The talent that first shone through scribbles on a school bench is now taking Iraqi Ali Al Rawi towards a Guinness World Record.
The self-taught artist created a vivid work depicting the ancient Assyrian winged bull by wrapping copper wires around nails attached to wooden boards.
Al Rawi hopes his 204-square-metre piece will set a world record for the largest pin-and-thread art.
“This artwork was a challenge I set for myself to test the limits of my abilities and skills in pin-and-thread art,” Al Rawi, a 27-year-old medical worker from the city of Ramadi west of Baghdad, told The National.
“Today, I can confidently say that I’m an artist.”
Pin-and-thread art, also known as string art, involves hooking colourful strings, wool, or wires between nails hammered on a wooden board to make geometric patterns or representational designs.
When they are tightly stretched, the strings appear curved by slightly shifting the height of the nails. That criss-cross of threads results in a three-dimensional image.
The art form grew from an educational tool. At the end of the 19th century, British mathematician Mary Everest Boole devised string geometry or curve stitching to make mathematical ideas more accessible to children.
It was then popularised as a decorative craft in the 1960s and 1970s. In 2016, a computational form of string art that can produce photorealistic artwork was introduced by Greek artist Petros Vrellis.
When ISIS plundered northern and western Iraq in 2014, Al Rawi’s home town Ramadi was one of the major cities that fell in the hands of the extremists.
His family were among thousands who fled to Baghdad in 2015. Drawing became his consolation.
“We were under huge stress,” he said. “I couldn’t follow up with the teacher at the school, so I turned to drawing on the bench in an attempt to escape reality."
Family and friends encouraged him to develop his skills.
“I was looking for videos that teach string art on YouTube and Facebook,” he said. “Gradually, day after day, I applied what I learnt from different artists.”
He is now one of Iraq’s up-and-coming plastic artists, with a main focus on pin and thread art. He organised a solo exhibition in Iraq and joined many art exhibitions and competitions inside and outside the country.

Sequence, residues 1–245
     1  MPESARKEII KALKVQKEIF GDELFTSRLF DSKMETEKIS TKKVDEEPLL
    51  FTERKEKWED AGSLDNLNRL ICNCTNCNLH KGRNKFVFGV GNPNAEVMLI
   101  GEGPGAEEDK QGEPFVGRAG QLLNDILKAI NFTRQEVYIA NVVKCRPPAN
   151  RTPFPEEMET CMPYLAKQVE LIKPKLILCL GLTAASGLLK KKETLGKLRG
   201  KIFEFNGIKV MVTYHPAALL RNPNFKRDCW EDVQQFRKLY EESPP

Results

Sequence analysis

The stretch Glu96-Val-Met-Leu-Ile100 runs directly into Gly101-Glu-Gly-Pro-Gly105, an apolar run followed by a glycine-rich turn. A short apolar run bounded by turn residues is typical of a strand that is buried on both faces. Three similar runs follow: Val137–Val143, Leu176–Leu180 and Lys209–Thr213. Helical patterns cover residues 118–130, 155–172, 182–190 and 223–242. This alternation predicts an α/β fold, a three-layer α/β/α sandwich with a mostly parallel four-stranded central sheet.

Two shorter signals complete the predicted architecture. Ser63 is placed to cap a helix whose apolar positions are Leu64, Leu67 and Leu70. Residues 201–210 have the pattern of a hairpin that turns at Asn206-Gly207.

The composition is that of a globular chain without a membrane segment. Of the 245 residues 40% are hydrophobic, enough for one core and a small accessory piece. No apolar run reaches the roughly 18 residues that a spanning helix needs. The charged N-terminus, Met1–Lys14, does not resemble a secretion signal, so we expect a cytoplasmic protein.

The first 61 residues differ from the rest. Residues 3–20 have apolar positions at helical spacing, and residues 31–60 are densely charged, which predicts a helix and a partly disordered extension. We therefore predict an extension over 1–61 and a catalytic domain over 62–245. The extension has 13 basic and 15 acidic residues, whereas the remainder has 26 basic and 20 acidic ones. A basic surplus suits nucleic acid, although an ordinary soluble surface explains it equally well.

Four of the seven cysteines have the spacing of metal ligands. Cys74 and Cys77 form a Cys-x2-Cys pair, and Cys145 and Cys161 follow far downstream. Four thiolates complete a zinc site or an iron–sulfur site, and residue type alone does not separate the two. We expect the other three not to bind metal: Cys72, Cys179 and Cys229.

It took Al Rawi six months to finish the winged bull, using 250 kilograms of copper wire, 90,000 nails and 72 wooden boards.
He is hoping to see his work become a monument in his home town or Baghdad.
Al Rawi has been in touch with the Guinness World Records people since August. He submitted dozens of photos and videos as proof for the work stages and kept on top of the required paperwork.
He is now waiting their final reply.
“I went through all kinds of hardships when started working on it. I experienced psychological stress, physical exhaustion, anxiety and insomnia,” he wrote on his Instagram account after finishing the bull.
“I was on the verge of collapse more than once and couldn’t hold back my tears at some points, but I held myself together.
“I feel proud when I recall these moments, as they are proof of my determination to achieve my dreams.”
The largest pin-and-thread artwork was registered in November last year by an Iraqi artist from Karbala province, south of Baghdad. It was 6.3 square metres, the Guinness World Records website said.
Saeed Howidi Bashoon’s artwork illustrates the face of Egyptian vitiligo campaigner Logina Salah, who was diagnosed with the skin disorder at an early age.
A 'symbol of Iraqi civilisation'
The winged bull is one of the monumental arts unearthed from the ancient cities, palaces and temples of the Assyrian Empire in northern Iraq.
The Assyrian civilisation arose about 4,500 years ago and at one point extended from the Mediterranean to Iran.
The limestone bull, known as Lamassu, bears a human head and bull's body. Some examples have the horns and ears of a bull and wings.
Examples are scattered across Iraqi and world museums.
Lamassu was in the headlines in 2015 when ISIS released a video showing extremists using sledgehammers and rotary hammer drills to smash it and other ancient artefacts in Iraq’s northern city of Mosul.
The destruction was part of the extremists’ campaign to eliminate what they viewed as idolatry.
They also sold ancient artefacts on the black market to finance their “caliphate".
“The winged bull is a symbol for the Iraqi civilisation and this artwork is a message to the whole world that this civilisation will never die despite everything they [ISIS] did,” Al Rawi said.